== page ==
This wasp nest is right round the trunk of a palm tree and the tree could be damaged. It’s growing on a steep slope, slippery for the blokes, and perhaps slippy if tree died or was removed leaving soil uncovered and exposed to the heavy rain we are getting.

  5. Andre 5

    WTF??!!? Somehow I just took it as given that a major government building initiative would include at least include the simplest and basic energy and cost efficient choices. But it seems not …


    Meanwhile, if there’s any readers with any concern whatsoever for their budget that are still using old-skool incandescent bulbs, get yourself to Bunnings or Mitre 10 today and buy replacement LED bulbs for them. Seriously. Do it now. You can get them for $3 each or less.

    You’ll want warm white colour (unless you like your house to look like the alien autopsy room in a bad sci-fi movie), for most fixtures look at the existing incandescent bulb and divide the watts by 10. I’ve pretty much replaced all bulbs that were 100W incandescents when I moved in with 9W LEDs and I’m happy with the how much light there is. If you want more tech details, ask and I’ll write up a bit more.

    By the $, a 100W incandescent costs $0.02 to $0.03 per hour, so if it’s on an average of 1 hour per day, that’s $7 to $11 per year. Plus incandescents only have a design life of 1000 hours, by industry agreement. Compare to an LED that costs $3 initially to buy, but pays for itself in electricity savings in 3 to 6 months and should last 10,000 hours or longer.

    If you’ve now got compact fluorescents, it’s probably still worth changing to LEDs but the payback time is two or four years. And you get full light instantly instead of the fluorescents taking a minute or so to warm up and get to full brightness.

    • WeTheBleeple 5.1

      Flourescent bulbs were a massive gyp. i think I posted on them here some time back. The past is past. LED’s must have improved cos last I looked at them (probably a decade) they were good for a few months then diminished capacity was the norm.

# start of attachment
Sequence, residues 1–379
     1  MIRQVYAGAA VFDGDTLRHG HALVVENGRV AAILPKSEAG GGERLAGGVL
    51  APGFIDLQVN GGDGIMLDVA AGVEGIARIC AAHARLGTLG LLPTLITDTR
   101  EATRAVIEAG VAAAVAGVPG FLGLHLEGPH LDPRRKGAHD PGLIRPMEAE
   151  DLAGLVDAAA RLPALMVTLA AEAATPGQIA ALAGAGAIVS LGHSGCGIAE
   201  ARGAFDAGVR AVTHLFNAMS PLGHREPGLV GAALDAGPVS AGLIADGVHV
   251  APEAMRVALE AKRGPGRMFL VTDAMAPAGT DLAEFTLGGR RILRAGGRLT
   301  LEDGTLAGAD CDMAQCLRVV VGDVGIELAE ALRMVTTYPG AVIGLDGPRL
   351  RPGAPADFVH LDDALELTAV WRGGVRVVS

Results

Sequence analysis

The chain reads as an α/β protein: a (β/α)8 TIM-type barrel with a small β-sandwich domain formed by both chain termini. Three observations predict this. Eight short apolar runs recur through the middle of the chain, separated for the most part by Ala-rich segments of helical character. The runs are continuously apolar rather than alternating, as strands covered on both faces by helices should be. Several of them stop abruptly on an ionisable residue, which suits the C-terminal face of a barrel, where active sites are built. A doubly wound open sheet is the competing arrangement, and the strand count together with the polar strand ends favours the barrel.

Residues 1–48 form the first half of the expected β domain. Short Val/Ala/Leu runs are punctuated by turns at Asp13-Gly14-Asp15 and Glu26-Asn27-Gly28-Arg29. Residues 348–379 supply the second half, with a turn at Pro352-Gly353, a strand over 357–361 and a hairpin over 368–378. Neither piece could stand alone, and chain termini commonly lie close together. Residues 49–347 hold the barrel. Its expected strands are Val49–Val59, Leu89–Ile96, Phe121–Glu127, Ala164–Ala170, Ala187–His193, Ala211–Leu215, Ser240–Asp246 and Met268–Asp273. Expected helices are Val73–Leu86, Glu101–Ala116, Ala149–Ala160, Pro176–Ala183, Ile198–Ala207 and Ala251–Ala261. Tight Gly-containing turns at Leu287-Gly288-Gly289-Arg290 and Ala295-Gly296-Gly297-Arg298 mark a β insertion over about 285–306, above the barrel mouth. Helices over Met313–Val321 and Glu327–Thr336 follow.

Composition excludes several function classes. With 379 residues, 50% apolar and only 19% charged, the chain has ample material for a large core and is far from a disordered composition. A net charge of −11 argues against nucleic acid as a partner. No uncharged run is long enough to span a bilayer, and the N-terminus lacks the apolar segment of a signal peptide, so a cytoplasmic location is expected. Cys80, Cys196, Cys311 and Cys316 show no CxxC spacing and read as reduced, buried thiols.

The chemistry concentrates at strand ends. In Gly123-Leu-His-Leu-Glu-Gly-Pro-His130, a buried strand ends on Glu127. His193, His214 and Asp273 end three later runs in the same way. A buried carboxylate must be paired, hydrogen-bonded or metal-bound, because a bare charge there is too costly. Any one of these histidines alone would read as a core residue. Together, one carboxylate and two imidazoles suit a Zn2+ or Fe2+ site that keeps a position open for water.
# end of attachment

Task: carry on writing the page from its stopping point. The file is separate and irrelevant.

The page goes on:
I’m certainly open to new improved LED’s.

      • Andre 5.1.1

        Yeah there’s been huge improvements in LEDs over the last decade. But if you’re still suspicious, keep the receipt for a warranty or CGA claim if they do start to fade.

        Ten years ago I paid $6 each for the nearly best new tech available to make myself mountain bike lights – 1Watt chips mounted on a 23mm aluminium star module heatsink that put out a then amazing 100 lumens/watt. Nowadays if I were inclined to do the same thing I’d be paying about $1.50 each for 10W chips mounted on a 12mm heatsink that would be up around 140 lumens/watt.

        The key to long life in LEDs is keeping the chip from getting hot. They’ve learned a lot about getting better thermal paths from the chip to the heatsink, and in turning more of the electrical energy into light so there’s less heat to dissipate.

        • RedLogix

          Interesting info Andre. I knew LED’s had improved, but for a relatively mature tech that’s pretty impressive.

          By complete contrast I recall buying my first red LED almost 50 years ago, it took me ages to save for it, and it barely glowed by today’s standards. But it was worth it just to have this amazing new light source in my own hands.

          • Andre

            Dunno that I’d call LEDs relatively mature. There’s still a hell of a lot of space for improvement that nobody has found a way into yet.

            For general lighting with acceptable colour rendering, a device that turns 100% of input electrical energy into useful light would put out about 370 lumens/watt. At the moment, the best LEDs top out around 200 lumens/watt.

            At the moment, most white LEDs are actually a blue LED shining through a yellow phosphor. So there’s significant light energy lost and heat generated for every blue photon that gets turned into a yellow photon.

            The next level of energy efficiency is combining blue LEDs shining through a green phosphor with red LEDs (these are commercially available as Phillips Hue LEDs at horrendous price). There’s less energy lost turning a blue photon into a green one and the necessary red photons are separately emitted at high efficiency by the red LED. Our eyes also respond to red, green and blue light, so a light source that directly emits red, green and blue has an inherent efficiency headstart over a light source that’s blue and yellow. It’s also possible to vary how much energy goes into the red vs the blue-and-green, so the light can change from a cozy yellowish warm light to a brighter daylightish white when wanted.